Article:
Gravity-Sensing System In Inner Ear Will Be Studied On Neurolab Space Shuttle Flight

April 16, 1998

St. Louis, April 16, 1998 -- When the space shuttle mission begins this month, a group of researchers from Washington University School of Medicine in St. Louis will be inside NASA's Kennedy Space Center. But instead of tracking Columbia's white plume on takeoff, they will be glued to monitors that will reveal how four toadfish handle the flight.

Stephen M. Highstein, M.D., Ph.D., professor of otolaryngology and anatomy & neurobiology, Allen Mensinger, Ph.D., research instructor in otolaryngology and other members of Highstein's laboratory will study the response of these saltwater fish to the near-zero gravity conditions in a shuttle orbiting above Earth's atmosphere. By doing so, they hope to reveal clues to help understand why astronauts suffer from something akin to motion sickness the first few days in space.

"The inner ear of these fish, which helps sense motion, is highly similar to that of humans and other mammals," Highstein says. "By studying toadfish, we can gain a very good sense of how astronauts respond to the absence of gravity." Highstein says these studies also may help explain the mechanism of motion sickness back on Earth. The toadfish study will be one of 26 experiments carried out during the 16-day Neurolab mission, which was planned to begin on April 16 but was rescheduled due to problems with the communication system in the crew cabin. The mission will study the effects of microgravity upon aspects of neurobiology ranging from development to perception. Besides studies of the predatory, slow-moving toadfish found off the Atlantic coast, other research will address related questions using rats, crickets and other animals. Volunteers in the seven-member crew also will serve as study subjects.

The Washington University researchers will study responses to the altered gravitational state by analyzing signals sent to the fishes' brains from gravity-sensing cells in otolith organs of the inner ear. Humans and other vertebrates require a sense of up and down to live in Earth's gravitational field. Lack of gravity is thought to alter signals coming from the inner ear, leading to nausea in what is known as space adaptation syndrome.

Highstein notes its resemblance to motion sickness. "You can't think, you can't move, you can't eat, you can't do anything but lie still." Before the flight, Highstein and Mensinger will cut the toadfish nerve that detects gravity signals and place a detector called a wafer electrode assembly in the nerve's path. The nerve will grow through pores in the assembly and begin carrying signals again. Special electrodes encircling nine of the pores will pick up nerve signal information before, during and after the Shuttle flight.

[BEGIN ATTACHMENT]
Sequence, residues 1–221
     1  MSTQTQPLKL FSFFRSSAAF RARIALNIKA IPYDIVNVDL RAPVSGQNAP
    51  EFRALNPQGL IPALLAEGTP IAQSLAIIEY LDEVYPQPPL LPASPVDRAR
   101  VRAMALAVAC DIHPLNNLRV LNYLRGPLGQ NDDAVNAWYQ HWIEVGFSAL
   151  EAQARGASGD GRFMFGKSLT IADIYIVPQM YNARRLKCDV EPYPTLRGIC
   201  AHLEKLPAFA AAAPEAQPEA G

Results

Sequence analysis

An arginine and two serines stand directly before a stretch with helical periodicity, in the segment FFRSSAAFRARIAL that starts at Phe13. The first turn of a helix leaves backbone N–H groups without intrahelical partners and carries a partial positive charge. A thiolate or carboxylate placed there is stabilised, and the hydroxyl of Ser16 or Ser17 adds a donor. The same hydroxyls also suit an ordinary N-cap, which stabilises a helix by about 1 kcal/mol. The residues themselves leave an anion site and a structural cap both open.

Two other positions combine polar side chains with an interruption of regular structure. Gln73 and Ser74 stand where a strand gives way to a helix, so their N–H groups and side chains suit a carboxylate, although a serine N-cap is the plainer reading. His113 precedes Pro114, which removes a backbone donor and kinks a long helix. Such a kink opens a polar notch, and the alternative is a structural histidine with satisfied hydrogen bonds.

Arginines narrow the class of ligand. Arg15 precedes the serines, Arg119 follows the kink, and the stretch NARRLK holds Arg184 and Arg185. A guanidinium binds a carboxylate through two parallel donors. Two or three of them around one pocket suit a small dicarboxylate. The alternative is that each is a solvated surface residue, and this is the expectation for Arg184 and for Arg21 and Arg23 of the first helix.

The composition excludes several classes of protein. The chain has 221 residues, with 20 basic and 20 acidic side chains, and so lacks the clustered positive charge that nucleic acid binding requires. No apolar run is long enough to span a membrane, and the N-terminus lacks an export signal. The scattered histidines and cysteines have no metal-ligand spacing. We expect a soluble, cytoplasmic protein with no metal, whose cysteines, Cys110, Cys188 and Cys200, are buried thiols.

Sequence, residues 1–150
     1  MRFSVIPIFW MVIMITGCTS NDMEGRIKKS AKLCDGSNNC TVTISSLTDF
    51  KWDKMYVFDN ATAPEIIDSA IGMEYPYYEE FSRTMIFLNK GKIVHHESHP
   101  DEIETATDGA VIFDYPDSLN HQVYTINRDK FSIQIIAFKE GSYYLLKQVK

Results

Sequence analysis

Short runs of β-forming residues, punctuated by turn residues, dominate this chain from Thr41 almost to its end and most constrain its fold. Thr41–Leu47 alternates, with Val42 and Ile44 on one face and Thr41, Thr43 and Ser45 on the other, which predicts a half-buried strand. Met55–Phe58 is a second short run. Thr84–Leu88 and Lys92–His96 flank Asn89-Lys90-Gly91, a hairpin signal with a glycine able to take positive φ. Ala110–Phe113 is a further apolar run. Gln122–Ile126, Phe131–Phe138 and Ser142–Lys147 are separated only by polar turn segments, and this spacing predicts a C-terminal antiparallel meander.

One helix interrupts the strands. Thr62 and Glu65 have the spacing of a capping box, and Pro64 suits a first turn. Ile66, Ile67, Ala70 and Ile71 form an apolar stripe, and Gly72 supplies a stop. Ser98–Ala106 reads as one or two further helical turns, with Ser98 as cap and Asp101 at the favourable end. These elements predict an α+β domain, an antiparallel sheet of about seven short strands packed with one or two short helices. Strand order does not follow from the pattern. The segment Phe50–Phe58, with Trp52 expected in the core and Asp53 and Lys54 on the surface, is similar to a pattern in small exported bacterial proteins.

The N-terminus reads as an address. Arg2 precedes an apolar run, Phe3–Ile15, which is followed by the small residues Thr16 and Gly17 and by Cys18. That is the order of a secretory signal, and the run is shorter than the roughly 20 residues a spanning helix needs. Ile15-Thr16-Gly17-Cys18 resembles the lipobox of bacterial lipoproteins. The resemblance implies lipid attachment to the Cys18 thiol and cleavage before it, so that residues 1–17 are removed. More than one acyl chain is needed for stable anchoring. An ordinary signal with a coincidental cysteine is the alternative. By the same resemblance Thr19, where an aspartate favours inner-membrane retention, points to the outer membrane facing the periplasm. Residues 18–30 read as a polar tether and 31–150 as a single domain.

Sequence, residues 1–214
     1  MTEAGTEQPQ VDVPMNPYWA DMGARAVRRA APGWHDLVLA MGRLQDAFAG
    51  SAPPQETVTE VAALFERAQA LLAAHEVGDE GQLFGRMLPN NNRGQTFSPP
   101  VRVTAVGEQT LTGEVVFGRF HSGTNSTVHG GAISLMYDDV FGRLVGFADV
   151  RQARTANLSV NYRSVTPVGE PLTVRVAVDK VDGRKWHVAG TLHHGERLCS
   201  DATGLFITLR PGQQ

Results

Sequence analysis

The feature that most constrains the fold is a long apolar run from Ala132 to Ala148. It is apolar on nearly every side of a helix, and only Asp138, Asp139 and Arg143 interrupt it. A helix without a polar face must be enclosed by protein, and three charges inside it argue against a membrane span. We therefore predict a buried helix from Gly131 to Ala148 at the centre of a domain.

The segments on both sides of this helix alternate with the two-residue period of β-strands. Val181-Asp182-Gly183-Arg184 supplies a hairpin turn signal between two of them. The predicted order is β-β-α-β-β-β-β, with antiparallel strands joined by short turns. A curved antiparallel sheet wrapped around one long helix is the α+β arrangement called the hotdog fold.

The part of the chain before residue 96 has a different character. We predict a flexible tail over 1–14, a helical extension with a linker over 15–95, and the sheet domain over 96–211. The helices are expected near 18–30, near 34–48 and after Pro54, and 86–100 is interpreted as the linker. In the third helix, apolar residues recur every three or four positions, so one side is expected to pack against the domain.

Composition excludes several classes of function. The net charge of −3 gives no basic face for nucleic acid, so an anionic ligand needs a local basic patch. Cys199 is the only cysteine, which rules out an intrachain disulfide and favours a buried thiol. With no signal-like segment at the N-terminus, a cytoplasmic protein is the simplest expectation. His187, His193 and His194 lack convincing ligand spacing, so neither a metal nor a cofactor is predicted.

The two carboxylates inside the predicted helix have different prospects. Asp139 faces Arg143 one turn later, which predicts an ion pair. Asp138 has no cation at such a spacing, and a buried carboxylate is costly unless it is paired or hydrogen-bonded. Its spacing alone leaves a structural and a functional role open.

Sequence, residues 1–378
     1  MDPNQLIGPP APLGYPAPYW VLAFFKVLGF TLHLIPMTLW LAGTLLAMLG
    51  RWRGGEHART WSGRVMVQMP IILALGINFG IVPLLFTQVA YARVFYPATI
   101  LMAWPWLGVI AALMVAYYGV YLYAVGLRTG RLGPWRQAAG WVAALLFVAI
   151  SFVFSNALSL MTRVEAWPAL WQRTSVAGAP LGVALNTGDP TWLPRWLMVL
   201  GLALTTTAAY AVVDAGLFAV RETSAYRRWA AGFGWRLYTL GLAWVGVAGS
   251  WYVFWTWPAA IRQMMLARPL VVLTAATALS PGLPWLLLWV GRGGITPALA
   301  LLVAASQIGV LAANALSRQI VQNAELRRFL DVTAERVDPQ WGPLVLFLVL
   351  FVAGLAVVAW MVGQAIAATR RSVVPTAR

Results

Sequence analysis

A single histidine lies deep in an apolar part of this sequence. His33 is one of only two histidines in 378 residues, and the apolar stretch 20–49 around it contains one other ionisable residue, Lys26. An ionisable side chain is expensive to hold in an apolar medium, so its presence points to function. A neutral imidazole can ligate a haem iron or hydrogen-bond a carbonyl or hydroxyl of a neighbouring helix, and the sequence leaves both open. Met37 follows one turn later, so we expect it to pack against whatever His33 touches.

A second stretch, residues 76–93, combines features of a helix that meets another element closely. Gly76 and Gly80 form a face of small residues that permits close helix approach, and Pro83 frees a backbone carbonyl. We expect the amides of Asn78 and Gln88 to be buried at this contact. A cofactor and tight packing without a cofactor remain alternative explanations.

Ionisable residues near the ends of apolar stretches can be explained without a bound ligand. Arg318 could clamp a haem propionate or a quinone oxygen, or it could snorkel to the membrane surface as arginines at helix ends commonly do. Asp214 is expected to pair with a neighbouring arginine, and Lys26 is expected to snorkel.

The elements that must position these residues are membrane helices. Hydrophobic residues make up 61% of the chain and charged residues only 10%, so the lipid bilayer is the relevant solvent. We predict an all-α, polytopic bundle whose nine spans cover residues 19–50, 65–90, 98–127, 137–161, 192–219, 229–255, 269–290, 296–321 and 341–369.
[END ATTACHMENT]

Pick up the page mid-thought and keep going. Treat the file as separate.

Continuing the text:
Highstein says the electrodes, developed by David J. Anderson, Ph.D., professor of otorhinolaryngology and electrical engineering & computer science at the University of Michigan, are an exciting aspect of the experiments. "They have the potential to be the first truly permanent interface with the nervous system allowing signals to be picked up from brain circuitry," he says.

The electrodes will send information to a wireless transmitter surgically mounted on the head of each fish. These telemetry transmitters were devised by the National Space Development Agency of Japan. The transmitters, which gain power from a magnetic field located outside the fish tanks, will then send information through a series of devices to a recorder that translates nerve activity into marks on a scroll.

The Neurolab crew will monitor the recording device as the fish adapt to microgravity. And by sliding the fish tanks back and forth on special rails, they will expose the toadfish to linear acceleration equal to half the Earth's gravity. These experiments will permit Highstein and colleagues to detect signals sent from the inner ear to the brain as the fish adjust to changing gravity.

"Our work should yield fundamental information about how the gravity-sensing system works in normal and microgravity situations," Highstein says. "This may have an impact on future therapies for motion sickness."

The National Science Foundation and the National Aeronautics and Space Administration provided funding for this research.

To find out more about the Neurolab mission, go to http://shuttle.nasa.gov. For more information on Highstein's research, go to the Aquatic Team site at http://neurolab.jsc.nasa.gov/aquahome.htm. For toadfish photos, go to http://www-pao.ksc.nasa.gov/kscpao/captions/hotpics.htm.
-end-


Washington University School of Medicine

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